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I always hate starting a post with a pile of disclaimers. In some of my recent posts, I seem to be bashing sales enablement. I don’t mean to be doing that. Sales enablement is a vital function in organizations, it has a hugely important mission that can only be fulfilled with talented professionals. Many of our best clients and my closest friends are sales enablement professionals (And I hope they remain so after reading this post.)

However, I often wonder if we might increase the impact of sales enablement by making it a “temp job” or “rotational assignment.”

What if we rotated, as a development assignment, some of our best salespeople and managers into sales enablement roles?

Some of the issue, and it’s human nature, is that many sales enablement professionals have not been a salesperson for years. Some never have been. It’s hard to understand the reality, particularly in today’s fast-changing world, of sales people’s lives if it’s been a long time since you’ve done the job itself.

Intellectually, one can understand the issues. Data provides a lot of insight into the issues. Studying best practices and sharing views with other sales enablement professionals is important.

But great sales enablement is as much EQ as it is IQ. Too often, we see sales enablement programs that are technically and intellectually right, fail to achieve their potential because they are insensitive to the reality of how salespeople work and what they need to do to be successful.

Imagine the power of leveraging that. Take a high performing salesperson and assign that person to work in developing/delivering sales enablement programs for two years. They bring the pragmatism and real-world experience to sales enablement, and can help develop and the programs that are most impactful in a way that will be accepted by the organization.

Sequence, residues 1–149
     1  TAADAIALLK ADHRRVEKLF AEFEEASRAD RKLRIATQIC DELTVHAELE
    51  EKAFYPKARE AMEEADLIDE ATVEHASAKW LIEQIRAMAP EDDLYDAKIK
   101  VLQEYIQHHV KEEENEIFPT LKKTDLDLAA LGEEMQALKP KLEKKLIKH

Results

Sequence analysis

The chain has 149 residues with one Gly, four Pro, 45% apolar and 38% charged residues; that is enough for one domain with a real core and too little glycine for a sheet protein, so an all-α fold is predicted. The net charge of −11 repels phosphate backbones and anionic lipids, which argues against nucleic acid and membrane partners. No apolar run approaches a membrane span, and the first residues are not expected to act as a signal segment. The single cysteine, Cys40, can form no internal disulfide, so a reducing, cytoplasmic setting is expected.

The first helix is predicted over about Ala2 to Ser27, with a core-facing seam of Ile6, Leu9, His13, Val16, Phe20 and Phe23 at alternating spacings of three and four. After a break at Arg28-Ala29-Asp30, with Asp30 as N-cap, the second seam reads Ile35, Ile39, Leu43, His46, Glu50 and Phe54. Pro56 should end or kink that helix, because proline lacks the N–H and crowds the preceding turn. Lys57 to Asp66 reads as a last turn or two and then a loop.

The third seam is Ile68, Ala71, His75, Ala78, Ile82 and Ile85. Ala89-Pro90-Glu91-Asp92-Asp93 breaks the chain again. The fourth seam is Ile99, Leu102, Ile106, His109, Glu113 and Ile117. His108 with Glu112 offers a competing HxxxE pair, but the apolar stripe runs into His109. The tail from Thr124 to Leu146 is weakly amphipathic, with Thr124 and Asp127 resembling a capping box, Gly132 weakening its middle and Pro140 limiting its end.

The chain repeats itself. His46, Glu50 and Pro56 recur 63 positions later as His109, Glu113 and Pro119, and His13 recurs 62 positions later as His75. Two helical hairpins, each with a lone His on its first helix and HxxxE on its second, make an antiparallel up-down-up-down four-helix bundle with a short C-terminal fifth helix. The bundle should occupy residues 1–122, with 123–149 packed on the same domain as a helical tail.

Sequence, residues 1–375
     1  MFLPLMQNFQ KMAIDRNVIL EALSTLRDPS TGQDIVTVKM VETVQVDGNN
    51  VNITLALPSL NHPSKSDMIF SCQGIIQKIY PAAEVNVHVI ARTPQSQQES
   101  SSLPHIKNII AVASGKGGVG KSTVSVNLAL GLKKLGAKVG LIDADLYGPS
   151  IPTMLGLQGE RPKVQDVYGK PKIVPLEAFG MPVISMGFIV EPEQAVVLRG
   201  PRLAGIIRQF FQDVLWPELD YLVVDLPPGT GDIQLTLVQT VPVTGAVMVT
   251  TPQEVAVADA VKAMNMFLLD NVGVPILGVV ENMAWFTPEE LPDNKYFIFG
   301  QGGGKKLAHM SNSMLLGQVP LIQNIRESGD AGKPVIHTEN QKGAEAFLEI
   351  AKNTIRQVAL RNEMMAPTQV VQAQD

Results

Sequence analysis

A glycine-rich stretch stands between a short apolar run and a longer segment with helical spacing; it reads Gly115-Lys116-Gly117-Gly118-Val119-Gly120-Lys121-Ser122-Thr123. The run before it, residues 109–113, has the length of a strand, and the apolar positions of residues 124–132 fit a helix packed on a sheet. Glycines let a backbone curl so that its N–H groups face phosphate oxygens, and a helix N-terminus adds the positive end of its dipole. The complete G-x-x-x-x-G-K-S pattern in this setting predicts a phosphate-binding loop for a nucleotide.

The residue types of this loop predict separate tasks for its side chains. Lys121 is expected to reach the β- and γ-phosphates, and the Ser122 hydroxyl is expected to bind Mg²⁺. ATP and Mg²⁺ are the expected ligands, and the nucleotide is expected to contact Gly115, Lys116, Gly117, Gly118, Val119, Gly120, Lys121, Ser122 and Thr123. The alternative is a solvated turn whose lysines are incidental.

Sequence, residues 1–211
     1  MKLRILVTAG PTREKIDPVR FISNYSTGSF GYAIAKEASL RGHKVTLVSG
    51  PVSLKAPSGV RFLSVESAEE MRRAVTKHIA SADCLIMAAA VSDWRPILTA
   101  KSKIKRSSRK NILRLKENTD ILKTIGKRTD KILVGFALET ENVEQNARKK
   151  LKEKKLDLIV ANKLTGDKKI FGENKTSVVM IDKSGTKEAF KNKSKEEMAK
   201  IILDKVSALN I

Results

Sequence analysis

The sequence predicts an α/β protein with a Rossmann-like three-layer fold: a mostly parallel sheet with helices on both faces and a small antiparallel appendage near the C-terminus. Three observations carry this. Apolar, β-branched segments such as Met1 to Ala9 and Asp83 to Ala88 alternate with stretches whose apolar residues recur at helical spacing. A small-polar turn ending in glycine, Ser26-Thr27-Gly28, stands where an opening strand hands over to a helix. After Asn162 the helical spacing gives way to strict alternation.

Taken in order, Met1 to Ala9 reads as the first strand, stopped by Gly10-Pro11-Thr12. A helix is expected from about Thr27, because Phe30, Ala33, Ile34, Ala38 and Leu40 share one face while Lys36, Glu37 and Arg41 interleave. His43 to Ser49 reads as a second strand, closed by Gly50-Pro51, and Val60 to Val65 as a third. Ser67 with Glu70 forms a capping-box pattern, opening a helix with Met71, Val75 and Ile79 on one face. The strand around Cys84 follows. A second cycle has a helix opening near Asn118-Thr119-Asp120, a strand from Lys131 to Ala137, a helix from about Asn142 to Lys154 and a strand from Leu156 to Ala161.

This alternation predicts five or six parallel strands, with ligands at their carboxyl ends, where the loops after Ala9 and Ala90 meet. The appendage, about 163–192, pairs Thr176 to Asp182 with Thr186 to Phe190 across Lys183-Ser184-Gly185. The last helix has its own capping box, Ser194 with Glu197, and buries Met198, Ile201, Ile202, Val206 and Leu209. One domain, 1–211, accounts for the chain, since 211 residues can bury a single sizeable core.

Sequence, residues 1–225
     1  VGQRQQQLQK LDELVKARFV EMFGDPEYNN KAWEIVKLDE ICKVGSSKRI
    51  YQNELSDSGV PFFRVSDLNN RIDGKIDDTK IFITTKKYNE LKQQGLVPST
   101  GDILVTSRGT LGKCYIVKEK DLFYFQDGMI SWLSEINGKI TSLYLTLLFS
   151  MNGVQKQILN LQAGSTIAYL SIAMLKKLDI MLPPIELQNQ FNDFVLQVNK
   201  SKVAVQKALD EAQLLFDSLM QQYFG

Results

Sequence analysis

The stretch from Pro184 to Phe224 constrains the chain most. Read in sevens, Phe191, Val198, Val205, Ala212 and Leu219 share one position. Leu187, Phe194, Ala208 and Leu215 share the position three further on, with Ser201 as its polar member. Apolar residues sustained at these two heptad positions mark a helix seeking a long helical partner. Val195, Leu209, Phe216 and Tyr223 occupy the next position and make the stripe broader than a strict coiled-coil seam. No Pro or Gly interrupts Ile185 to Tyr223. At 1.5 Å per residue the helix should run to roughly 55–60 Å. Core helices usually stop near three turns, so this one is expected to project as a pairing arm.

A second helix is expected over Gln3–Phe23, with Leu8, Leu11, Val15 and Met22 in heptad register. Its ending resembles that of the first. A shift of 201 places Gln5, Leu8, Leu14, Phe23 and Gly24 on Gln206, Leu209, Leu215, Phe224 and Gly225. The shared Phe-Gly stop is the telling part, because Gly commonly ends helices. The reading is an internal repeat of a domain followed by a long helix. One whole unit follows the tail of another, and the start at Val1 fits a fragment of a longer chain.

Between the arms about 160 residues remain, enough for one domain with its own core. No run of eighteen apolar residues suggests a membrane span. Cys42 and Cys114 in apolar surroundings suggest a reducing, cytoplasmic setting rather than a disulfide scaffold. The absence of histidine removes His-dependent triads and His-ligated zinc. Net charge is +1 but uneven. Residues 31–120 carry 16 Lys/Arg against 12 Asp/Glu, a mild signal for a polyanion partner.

These people can become Sales Enablement’s “voice of/to the customer.”

Then think at the end of those two years, that salesperson moves back to the field, perhaps as a front-line sales manager, or as a senior manager. They become active advocates and provide constant reinforcement of the sales enablement programs.

When I first started as a salesperson and went to sales training, the people doing the training were people who had been top salespeople. They brought a reality to the experience that a training professional might not have done. At the same time they learned new skills that enabled them to step back into field roles at much higher levels and with much greater impact.

Perhaps it’s time to re-look at this.

Afterword: The same applies to consultants and outside trainers. If they haven’t done the “job” or haven’t done it for some time–one might question how relevant and connected they can be.